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Robotics Team Setting a Course for Land & Water Challenges

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Robotics Team Setting a Course for Land & Water Challenges

Members of Rose-Hulman Institute of Technology's Robotics Team have been busy applying their problem-solving skills toward designing and building two robots for national competitions. Now, they're tweaking and testing their innovative ideas.


Testing Things Out: Robotics Team members test their underwater robot prototype in the campus swimming pool. The group includes (from left) Trenton Tabor, president; Kevin Risden, vice president; and Dan Galway, mechanical team leader.

An autonomous-controlled ground vehicle was unveiled at the Intelligence Ground Vehicle Competition (Rochester, Mich.) after two years of development. The robot is programmed to complete a course on a large playing field, without hitting obstacles. It utilizes such technology as a laser reader camera, donated by Elphel, to detect traffic cones and fences that are conveniently placed throughout the course.

Robotics Team President Trenton Tabor indicates that team members designed the robot to utilize easily interchangeable parts in order to insure longevity of the project.

"Everything can be snapped out fast," Tabor said.

The team has also built an underwater robot prototype for next year's international Marine Technology Society's Remotely Operated Vehicle (MAT ROV) competition at NASA's Johnson Space Center in Houston.

This year's MAT ROV contest focused on the challenges faced in the offshore oil and gas industry. The mission tasks included removing a damaged riser pipe, capping a wellhead (like the Gulf of Mexico oil spill), collecting a water sample, measuring depth and sampling organisms.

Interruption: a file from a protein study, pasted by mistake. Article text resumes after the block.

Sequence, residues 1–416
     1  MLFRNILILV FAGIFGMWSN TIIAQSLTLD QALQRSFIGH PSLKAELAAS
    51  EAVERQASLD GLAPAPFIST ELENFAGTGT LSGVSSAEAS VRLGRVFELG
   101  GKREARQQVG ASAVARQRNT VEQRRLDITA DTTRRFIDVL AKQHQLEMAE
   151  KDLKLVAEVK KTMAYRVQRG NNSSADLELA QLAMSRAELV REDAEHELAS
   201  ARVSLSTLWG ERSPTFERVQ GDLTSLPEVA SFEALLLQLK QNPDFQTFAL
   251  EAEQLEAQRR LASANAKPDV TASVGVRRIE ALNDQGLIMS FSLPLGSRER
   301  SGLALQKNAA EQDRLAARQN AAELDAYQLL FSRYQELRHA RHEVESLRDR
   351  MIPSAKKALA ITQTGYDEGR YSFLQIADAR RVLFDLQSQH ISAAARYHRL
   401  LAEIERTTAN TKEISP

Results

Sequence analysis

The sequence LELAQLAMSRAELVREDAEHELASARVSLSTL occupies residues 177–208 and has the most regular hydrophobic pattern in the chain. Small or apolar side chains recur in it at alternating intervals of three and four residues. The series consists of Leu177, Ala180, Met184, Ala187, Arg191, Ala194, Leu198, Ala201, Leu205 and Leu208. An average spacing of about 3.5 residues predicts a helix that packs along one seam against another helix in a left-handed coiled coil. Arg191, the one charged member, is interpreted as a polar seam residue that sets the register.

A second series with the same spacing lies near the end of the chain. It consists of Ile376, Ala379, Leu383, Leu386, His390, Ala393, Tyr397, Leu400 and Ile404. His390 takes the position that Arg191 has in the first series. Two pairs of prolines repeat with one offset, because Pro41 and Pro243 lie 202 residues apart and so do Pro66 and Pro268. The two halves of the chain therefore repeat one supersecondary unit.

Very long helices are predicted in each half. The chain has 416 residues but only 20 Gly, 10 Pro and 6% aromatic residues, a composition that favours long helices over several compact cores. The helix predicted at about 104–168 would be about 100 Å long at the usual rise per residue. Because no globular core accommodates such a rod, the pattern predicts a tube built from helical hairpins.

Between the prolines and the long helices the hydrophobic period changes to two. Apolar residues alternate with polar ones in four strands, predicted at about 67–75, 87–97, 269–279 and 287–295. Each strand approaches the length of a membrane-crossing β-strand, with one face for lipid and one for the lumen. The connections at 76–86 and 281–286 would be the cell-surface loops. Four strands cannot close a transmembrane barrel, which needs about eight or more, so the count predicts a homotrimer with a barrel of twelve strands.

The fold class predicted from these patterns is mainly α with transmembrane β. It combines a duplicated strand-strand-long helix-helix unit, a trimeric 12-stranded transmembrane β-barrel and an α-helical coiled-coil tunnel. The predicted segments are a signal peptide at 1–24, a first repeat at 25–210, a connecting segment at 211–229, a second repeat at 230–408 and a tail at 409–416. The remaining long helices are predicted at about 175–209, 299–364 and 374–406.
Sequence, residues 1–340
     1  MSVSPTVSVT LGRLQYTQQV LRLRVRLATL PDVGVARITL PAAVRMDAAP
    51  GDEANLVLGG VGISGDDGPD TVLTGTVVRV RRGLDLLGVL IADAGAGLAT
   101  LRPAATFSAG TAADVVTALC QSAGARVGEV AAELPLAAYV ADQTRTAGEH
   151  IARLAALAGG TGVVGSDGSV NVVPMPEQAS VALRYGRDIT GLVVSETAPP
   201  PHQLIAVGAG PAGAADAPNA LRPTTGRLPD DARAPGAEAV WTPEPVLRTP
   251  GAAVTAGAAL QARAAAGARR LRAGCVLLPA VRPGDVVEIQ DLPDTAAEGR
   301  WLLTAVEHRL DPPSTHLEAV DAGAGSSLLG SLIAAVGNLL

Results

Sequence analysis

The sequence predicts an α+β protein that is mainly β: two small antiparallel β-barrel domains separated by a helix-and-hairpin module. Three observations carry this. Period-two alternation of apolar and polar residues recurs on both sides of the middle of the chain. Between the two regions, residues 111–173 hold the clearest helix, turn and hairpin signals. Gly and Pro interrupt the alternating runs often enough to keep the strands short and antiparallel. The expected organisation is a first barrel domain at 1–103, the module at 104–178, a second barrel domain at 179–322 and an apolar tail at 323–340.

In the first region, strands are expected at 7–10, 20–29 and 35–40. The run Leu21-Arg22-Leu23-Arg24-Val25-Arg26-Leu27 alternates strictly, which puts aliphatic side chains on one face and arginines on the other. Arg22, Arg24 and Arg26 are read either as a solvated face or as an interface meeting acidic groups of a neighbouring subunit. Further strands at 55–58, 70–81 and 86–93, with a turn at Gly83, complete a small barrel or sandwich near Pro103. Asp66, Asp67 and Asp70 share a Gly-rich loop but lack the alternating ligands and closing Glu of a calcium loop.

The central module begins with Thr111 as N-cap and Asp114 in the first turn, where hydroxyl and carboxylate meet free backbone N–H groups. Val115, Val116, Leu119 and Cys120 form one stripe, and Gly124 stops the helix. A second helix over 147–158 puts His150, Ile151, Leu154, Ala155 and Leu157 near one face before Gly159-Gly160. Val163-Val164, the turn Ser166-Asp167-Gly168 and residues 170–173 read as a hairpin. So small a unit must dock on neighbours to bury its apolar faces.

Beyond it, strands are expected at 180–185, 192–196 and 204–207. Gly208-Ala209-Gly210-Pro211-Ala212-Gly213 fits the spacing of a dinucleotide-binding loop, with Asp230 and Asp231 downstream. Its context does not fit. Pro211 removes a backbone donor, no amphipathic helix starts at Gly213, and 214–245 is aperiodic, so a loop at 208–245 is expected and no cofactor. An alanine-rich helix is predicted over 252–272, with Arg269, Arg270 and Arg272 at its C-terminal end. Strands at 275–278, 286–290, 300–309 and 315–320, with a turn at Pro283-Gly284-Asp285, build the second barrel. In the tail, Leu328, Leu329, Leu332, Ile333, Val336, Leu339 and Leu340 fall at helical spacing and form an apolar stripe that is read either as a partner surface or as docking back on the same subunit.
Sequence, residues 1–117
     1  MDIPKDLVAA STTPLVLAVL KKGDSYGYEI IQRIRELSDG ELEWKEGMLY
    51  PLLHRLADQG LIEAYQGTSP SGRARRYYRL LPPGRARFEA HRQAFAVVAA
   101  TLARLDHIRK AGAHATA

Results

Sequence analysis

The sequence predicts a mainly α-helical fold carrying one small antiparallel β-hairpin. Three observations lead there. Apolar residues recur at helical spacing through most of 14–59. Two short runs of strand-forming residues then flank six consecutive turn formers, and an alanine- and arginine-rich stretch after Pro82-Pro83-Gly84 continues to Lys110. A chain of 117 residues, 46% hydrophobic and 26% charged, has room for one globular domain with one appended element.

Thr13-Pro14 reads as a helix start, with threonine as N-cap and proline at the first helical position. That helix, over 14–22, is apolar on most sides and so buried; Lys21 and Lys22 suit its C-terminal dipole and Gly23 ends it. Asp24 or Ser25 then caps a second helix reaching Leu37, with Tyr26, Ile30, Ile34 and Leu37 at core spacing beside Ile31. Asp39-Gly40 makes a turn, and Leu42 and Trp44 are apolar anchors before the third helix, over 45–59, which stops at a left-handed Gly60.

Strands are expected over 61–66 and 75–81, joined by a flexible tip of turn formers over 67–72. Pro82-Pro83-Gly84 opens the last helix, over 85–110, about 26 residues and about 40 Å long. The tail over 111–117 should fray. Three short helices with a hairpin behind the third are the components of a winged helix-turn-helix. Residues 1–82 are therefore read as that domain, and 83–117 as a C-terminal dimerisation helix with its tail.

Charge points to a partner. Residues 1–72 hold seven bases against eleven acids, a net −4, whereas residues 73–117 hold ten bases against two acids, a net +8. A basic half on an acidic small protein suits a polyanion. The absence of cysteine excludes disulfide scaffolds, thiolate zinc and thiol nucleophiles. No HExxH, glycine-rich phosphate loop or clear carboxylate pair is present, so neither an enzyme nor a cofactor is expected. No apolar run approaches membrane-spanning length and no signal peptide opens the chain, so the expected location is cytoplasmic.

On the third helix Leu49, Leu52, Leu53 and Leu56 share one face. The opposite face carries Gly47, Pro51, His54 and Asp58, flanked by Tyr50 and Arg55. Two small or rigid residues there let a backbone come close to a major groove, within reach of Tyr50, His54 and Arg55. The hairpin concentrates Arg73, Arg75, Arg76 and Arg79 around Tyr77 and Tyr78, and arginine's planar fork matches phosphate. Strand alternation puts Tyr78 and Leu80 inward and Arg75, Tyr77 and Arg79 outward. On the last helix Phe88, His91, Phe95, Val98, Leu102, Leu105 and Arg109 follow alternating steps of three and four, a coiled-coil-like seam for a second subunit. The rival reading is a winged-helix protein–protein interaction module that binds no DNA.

Looking Ahead: Robotics Team President Trenton Tabor tests the autonomous-controlled ground vehicle through a test run during the Intelligence Ground Vehicle Competition.

Rose-Hulman's underwater robot prototype has completed preliminary testing in the swimming pool of the Sports and Recreation Center.

"We're right on track with the underwater robot prototype," said Tabor, a senior mechanical engineering major who is spending this summer learning more about robotics systems at Carnegie Mellon University (Pa.). "Being new to these national competitions, our team is experiencing a big learning curve. We learn something more about the robot every day."

Rose-Hulman's Robotics Team consists of 25 students from different majors that are working on software, electrical and mechanical subsystems for both robots.

"We are all passionate about robotics," stated former team leader Nick Wahl, a 2010 mechanical engineering graduate. "It is fun to share that passion with others."

Corporations and foundations are interested in the robotics team and new robotics minor degree program. Rockwell Collins has recently made a $15,000 donation to support the team. The donation will assist in the development of the underwater robot. Other corporate support for the team has come from Precise Path Robotics, Advance Circuits Solutions, Garmin and Elphel.

Learn more about the Robotics Team at www.rhitrobotics.org/wiki/team.

- By Jessica Squires,
Communications Writer